In July 2018, the European Union Aviation Safety Agency (EASA) issued a regulation (EU) 2018/1042, now (EU) 2020/745, which requires all Commercial Air Transport (CAT) operators to implement Support Programme (SP), which should include the use of trained peers, by 14 February 2021. The SP was a recommendation initiated by EASA Task Force following safety concerns related to flight crew wellbeing. The purpose of the SP is to create a flight crew support and reporting system concerning their psychological wellbeing.
Evidence from existing support programmes in the United Kingdom and abroad has shown that around 85-95% of pilots will get their wellbeing questions addressed within a peer assistance programme satisfactorily without the need for further help*.
So why is the role of peers so significant?
What is Peer Support?
Peer support is a structure whereby a flight crew can get confidential help with mental wellbeing or life stress issues. At the heart of this support are Peers, usually ordinary flight crew members who are trained in basic listening and coaching skills and can assist their colleagues in addressing their problems. These Peers are trained and supported by a suitable qualified Mental Health Professional, a clinical psychologist who is ideally aviation savvy. The aim is to provide the flight crew with an opportunity to discuss, resolve or maintain their wellbeing in a confidential and trusted environment.
Why is the role of peers significant?
Research suggests pilots or flight crew are reluctant to talk about their health and wellbeing, especially mental health, to anyone and sometimes not even to their partners due to the fear of losing a licence, livelihood and status. However, there is a tendency that they will talk to fellow aviators who share the same experience, stressors and understand life in the cockpit. Therefore, the concept of using peers is a key element within the support programme.
Evidence from pre-existing peer support programmes
The concept of peer support is not new. The first Peer Assistance Network (PAN) was established by AIPA (Australian and International Pilots Association formed to represent Qantas and its related companies pilots and flight engineers) in 1991 to handle the emotional fallout of the 1989 industrial action. Project Wingman by American Airlines in 2011, represents 15,000 pilots and handles thousands of calls a year.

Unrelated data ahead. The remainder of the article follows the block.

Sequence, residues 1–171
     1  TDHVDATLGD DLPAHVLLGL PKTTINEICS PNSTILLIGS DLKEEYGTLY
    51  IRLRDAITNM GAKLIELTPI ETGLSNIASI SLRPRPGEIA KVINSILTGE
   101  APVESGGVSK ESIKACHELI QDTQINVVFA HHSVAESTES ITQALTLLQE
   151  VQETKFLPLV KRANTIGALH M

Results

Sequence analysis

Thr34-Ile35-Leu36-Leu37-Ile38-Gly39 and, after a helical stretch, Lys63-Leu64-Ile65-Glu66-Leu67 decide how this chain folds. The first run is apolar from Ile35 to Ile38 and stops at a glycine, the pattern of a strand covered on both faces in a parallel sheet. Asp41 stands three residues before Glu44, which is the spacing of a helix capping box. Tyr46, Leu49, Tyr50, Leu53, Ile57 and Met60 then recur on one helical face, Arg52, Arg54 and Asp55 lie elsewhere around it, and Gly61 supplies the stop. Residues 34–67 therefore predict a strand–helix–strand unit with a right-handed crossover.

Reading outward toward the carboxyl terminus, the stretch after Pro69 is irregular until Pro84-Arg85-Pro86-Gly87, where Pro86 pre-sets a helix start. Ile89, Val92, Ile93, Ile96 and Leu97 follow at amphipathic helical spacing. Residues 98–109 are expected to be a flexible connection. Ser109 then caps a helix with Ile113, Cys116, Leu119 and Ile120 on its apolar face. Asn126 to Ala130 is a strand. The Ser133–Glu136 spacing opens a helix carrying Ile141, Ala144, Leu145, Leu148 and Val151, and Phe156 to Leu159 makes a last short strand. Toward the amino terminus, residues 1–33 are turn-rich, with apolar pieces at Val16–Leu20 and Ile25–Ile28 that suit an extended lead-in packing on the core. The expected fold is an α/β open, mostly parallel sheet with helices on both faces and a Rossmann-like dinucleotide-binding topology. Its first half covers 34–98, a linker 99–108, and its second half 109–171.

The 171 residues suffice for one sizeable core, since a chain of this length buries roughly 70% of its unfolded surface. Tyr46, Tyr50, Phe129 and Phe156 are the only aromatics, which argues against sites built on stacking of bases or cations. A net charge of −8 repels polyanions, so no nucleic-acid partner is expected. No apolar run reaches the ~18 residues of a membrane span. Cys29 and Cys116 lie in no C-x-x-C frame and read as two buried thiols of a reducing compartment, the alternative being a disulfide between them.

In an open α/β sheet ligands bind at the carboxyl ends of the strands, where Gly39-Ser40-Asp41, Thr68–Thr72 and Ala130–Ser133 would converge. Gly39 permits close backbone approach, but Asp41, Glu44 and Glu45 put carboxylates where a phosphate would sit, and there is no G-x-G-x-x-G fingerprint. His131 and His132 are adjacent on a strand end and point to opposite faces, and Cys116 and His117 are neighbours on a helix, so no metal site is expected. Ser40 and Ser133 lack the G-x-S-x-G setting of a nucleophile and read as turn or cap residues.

Evidence from pre-existing peer support programmes has demonstrated that when a programme is effectively implemented, aircrew seeking support have less chance of harmful outcomes when dealing with the stressors and anxiety of life influencing events. This supports swifter returns to active duty work, organisational safety management systems by earlier identification and assistance of issues and, when appropriate, dissuasion from active duty when flight safety is at risk.
* RAeS Flightcrew Mental Health Conference May 2019. Capt D Fielding
How we can support organisations
To support organisations with introduction of a Peer Assistance programme, we have developed a dedicated Pilot Peer training course. For more information please visit the course webpage or email our training team; email@example.com.
To support Commercial Air Transport operators with implementation of Support Programme we have developed a Support Programme Guide. To download a free copy, please click below.